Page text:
The use of technology (information and communication technology, ICT) in secondary education is an important aspect of the current curriculum and of teachers' pedagogy. Learning supported by computers is supposed to be motivating for students and is, therefore, assumed to have positive effects on learning experiences and results. However, the question remains whether these motivating effects are equal for all students. Although the gender gap in the use of ICT and knowledge about it has diminished, there are still indications that the use of technology in education affects girls and boys differently. The present empirical study focuses on the relationship between the inclusiveness of educational tools and the learning experiences of girls and boys. The results show that gender scripts are embedded in educational tools, which are reinforced in classroom practice and affect learner experiences. A greater inclusiveness of the tools appears to improve the participation of students, enhances positive attitudes toward learning and technology, and improves the learning effects as reported by girls and boys. Girls especially tend to benefit from the inclusiveness of educational tools.
Hohlfeld, T., Ritzhaupt, A., & Barron, A. (2013). Are gender differences in perceived and demonstrated technology literacy significant? It depends on the model. Educational Technology Research & Development, 61(4), 639-663. doi:10.1007/s11423-013-9304-7
This paper examines gender differences related to Information and Communication Technology (ICT) literacy using two valid and internally consistent measures with eighth grade students ( N = 1,513) from Florida public schools. The results of t test statistical analyses, which examined only gender differences in demonstrated and perceived ICT skills, indicate significant differences in all areas in favor of females. Females had higher factor scores in perception measures for Frequency of Computer Use, Perceived ICT Skills, and Attitudes toward Computers. In addition, female students had significantly higher scores on all six sections from the Student Tool for Technology Literacy, a performance-based assessment. These results counter many empirical research studies that show males generally perform better with ICT skills and have overall better attitudes toward computers than their female counterparts. However, when adding predictors to the model and using multilevel modeling statistical methods, findings indicate that gender was no longer significant. These findings question the importance of the gender differences related to ICT skills that were found with previous statistical examinations. Using more advanced statistical methods to answer research questions pertaining to ICT skills is important in order to determine which factors have the greatest potential for intervention programs that focus on developing equitable ICT skills and career choices for all students.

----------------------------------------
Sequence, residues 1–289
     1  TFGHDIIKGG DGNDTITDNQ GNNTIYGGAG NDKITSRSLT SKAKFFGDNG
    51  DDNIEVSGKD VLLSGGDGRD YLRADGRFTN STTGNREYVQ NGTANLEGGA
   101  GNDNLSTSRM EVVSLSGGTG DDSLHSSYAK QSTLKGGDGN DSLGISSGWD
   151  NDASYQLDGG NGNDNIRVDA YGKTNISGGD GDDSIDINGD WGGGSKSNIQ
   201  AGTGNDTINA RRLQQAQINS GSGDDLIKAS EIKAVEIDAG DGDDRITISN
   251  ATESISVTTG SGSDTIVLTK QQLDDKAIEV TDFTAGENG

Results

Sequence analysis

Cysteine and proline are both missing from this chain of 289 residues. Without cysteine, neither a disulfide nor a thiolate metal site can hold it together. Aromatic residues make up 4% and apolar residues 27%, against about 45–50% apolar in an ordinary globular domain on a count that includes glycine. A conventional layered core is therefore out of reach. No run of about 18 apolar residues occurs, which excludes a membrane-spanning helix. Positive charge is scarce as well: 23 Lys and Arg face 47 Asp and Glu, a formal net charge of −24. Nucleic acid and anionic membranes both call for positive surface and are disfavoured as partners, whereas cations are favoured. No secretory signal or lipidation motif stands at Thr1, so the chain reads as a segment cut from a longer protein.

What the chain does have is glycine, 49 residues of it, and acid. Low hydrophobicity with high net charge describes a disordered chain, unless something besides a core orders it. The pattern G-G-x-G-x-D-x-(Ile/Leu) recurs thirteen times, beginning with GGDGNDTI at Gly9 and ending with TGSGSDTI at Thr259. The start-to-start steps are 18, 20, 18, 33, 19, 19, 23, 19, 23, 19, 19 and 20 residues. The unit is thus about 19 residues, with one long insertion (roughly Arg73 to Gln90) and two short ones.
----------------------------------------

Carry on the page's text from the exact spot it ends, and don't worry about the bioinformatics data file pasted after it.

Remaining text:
Koch, M., Gorges, T., & Penuel, W. R. (2012). Build IT: Scaling and Sustaining an Afterschool Computer Science Program for Girls. Afterschool Matters, (16), 58-66.
"Co-design"--including youth development staff along with curriculum designers--is the key to developing an effective program that is both scalable and sustainable. This article describes Build IT, a two-year afterschool and summer curriculum designed to help middle school girls develop fluency in information technology (IT), interest in mathematics and computer science, and knowledge of IT careers. Build IT is a problem-based curriculum consisting of six units that capitalize on girls' interest in design and communication. The authors outline the need for sustainable, scalable afterschool computer science programs targeting girls, and describe the development of Build IT. Evaluation research on girls' learning of computer science and on the capacity of afterschool staff and organizations to provide computer science programming leads to their description of a research-based approach to sustaining and scaling the program nationally--an approach that other programs might use to expand their reach and impact. (Contains 1 figure.)